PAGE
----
T.S. Elliott said, “However you disguise it, this thing does not change: the perpetual struggle of Good and Evil.” And each of us knows, irrespective of the statistical odds against an act of heinous violence occurring on any one of our campuses, our turn could be next. So we prepare. So we struggle with reality. So we hope against history.
I am indeed honored to work with two women who, regrettably, know firsthand the heartrending grief of loss… It was a typically beautiful day on May 14, 1993; the school bell had released students for the evening. As the halls filled, their brother walked with his girlfriend. Who knows what his plans were for the rest of the day? Nearly as quickly as he left the classroom, his life came to an end…taken at the hand of another. A family’s son was forever gone, and our school district was forever changed… For those who might minimize the potential of this sort of act, in deference to his memory and in respect for my friends, please don’t. Instead, learn with me in hopes of stopping it at your campus.
My purpose in writing is the same as it is in training: I want to shake you to your core with the reality of what has ripped the soul from communities who too well know this loss. The arrogance of people cannot help us in this effort. Naiveté cripples us. I cannot turn a blind eye to that which I know to be true: most of us are ill prepared to face this potential. You’ll be the one who says to the reporter, “We just didn’t think this sort of thing could happen here.”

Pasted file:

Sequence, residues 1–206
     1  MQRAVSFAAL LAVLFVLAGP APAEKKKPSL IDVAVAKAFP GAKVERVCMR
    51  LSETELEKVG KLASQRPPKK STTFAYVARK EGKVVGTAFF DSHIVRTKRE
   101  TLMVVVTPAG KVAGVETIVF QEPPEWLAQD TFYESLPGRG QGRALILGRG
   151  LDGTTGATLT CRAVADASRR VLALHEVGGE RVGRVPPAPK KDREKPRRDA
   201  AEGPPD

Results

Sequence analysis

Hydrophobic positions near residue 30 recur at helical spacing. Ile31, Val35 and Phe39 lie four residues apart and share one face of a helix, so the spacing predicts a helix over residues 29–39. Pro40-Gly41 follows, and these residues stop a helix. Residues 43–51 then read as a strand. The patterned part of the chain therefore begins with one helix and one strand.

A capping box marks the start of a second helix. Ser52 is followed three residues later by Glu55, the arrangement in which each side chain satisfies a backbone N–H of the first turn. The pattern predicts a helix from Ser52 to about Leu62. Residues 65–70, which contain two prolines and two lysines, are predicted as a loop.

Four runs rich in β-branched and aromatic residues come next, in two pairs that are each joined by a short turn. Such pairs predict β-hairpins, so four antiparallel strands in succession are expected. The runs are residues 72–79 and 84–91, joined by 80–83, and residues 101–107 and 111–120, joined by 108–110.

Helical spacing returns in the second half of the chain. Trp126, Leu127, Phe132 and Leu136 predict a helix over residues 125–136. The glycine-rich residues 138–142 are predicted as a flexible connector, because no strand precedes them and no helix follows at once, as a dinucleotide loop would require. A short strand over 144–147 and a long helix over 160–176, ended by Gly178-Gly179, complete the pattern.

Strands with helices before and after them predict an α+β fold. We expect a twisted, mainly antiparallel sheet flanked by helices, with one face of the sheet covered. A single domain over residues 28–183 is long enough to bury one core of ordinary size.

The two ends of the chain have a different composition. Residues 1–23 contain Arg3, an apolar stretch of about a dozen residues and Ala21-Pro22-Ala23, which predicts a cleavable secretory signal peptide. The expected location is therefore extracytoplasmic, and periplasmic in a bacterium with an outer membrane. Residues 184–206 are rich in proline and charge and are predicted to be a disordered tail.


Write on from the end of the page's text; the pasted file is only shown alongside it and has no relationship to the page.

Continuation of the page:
That potential is broad. Threat is all about us. We pray and hope for the best as we daily go through the routine of life. Yes, we watch for that which is out of place, prepared always to sound the alarm. Yes, we positively engage visitors on our campus, fully expecting they are there for good and helpful purposes. Yes, we teach with classroom doors locked, having learned the lesson from Tim K. in Germany. And we hope we know our neighbor.